[Numpy-discussion] Histograms of extremely large data sets

Cameron Walsh cameron.walsh at gmail.com
Thu Dec 14 21:43:46 CST 2006


Using Eric's latest speed-testing, here's David's results:

cameron at cameron-laptop:~/code_snippets/histogram$ python histogram_speed.py
type: uint8
millions of elements: 100.0
sec (C indexing based): 8.44 100000000
sec (numpy iteration based): 8.91 100000000
sec (rick's pure python): 6.4 100000000
sec (nd evenly spaced): 2.1 100000000
sec (1d evenly spaced): 1.33 100000000
sec (david huard): 35.84 100000000


Summary:
                case    sec     speed-up
  weave_1d_arbitrary    8.440000        0.758294
  weave_nd_arbitrary    8.910000        0.718294
     ricks_arbitrary    6.400000        1.000000
       weave_nd_even    2.100000        3.047619
       weave_1d_even    1.330000        4.812030
         david_huard    35.840000       0.178571

I also tried this on an equal-sized sample of my real-world data: 100
image slices, 8bits/sample, 1000x1000 pixels per image.  The full data
set is 489 image slices, but I was unable to randomly generate 489
million data samples because I ran out of memory and started thrashing
the page file, ruining any results.  So I've compared like with like
and got the following results with real-world data:

type: uint8
millions of elements: 100.0
sec (C indexing based): 6.1 100000000
sec (numpy iteration based): 7.07 100000000
sec (rick's pure python): 4.77 100000000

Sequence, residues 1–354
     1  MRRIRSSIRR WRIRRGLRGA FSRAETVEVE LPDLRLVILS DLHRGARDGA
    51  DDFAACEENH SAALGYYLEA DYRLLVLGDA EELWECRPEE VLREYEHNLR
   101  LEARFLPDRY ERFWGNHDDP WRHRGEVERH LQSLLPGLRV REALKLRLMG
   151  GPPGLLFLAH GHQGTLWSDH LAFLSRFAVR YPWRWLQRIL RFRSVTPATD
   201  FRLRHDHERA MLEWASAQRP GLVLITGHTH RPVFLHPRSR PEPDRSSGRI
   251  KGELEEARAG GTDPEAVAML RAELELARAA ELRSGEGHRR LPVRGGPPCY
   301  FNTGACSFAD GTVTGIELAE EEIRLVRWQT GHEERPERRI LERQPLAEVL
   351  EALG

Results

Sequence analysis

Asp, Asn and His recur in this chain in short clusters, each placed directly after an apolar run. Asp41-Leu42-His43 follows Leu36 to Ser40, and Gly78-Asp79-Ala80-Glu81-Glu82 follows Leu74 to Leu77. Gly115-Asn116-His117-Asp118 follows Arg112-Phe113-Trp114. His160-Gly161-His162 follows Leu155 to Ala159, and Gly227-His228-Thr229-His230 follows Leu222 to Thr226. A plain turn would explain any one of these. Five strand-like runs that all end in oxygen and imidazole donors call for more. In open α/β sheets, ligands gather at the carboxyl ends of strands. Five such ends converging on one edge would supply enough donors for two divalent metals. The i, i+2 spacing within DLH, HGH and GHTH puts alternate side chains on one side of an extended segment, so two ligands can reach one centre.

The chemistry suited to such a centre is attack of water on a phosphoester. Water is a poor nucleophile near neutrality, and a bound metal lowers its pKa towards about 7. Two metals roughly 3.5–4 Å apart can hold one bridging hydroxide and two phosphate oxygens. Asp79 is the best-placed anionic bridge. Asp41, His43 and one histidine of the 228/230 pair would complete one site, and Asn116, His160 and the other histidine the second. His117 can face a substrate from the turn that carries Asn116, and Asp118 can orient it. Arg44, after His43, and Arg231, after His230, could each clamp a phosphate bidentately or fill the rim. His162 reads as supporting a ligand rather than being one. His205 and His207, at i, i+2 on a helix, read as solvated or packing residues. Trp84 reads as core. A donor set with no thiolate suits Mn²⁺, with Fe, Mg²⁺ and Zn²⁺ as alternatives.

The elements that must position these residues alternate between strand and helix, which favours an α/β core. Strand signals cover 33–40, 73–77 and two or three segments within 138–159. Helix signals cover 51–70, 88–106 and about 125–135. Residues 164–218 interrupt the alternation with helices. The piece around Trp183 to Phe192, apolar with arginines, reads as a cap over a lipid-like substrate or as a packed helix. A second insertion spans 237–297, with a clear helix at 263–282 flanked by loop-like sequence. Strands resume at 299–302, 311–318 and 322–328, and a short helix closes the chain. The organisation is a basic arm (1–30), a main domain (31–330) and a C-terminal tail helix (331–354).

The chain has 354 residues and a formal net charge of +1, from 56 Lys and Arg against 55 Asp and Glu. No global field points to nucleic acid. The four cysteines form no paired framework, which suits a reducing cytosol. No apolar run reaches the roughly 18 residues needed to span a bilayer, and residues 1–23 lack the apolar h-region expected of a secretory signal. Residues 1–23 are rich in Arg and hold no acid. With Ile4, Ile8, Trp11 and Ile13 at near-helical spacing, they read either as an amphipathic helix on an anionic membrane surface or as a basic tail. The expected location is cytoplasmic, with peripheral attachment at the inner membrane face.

sec (nd evenly spaced): 2.12 100000000
sec (1d evenly spaced): 1.33 100000000
sec (david huard): 16.47 100000000


Summary:
                case    sec     speed-up
  weave_1d_arbitrary    6.100000        0.781967
  weave_nd_arbitrary    7.070000        0.674682
     ricks_arbitrary    4.770000        1.000000
       weave_nd_even    2.120000        2.250000
       weave_1d_even    1.330000        3.586466
         david_huard    16.470000       0.289617



Note how much faster some of the algorithms run on the non-random,
real-world data.  I assume this is due to variations in the scaling of
the quick-sort algorithm depending on the starting order of the data?

Scaling with the full data set was similar.  Unfortunately, David's
code was not able to load the entire 489 image slices, throwing the
same error as that mentioned in the first email in this thread.

Later parts of the project I am working on will probably require
iteration over the entire data set, and iteration seems to be slowing
down several of these histogram algorithms, requiring the sort()
approach.  I'll have a look at the iterator, and see if there's
anything that can be done there instead.  I'm hoping that it will be
possible to use a C-based iterator for a numpy multiarray, as this
would allow many data processing algorithms to run faster, not just
the histogram.

Once again, thanks to everyone for all your input.  This seems to have
generated more discussion and action than I anticipated, for which I
am very grateful.

Best regards,

Cameron.


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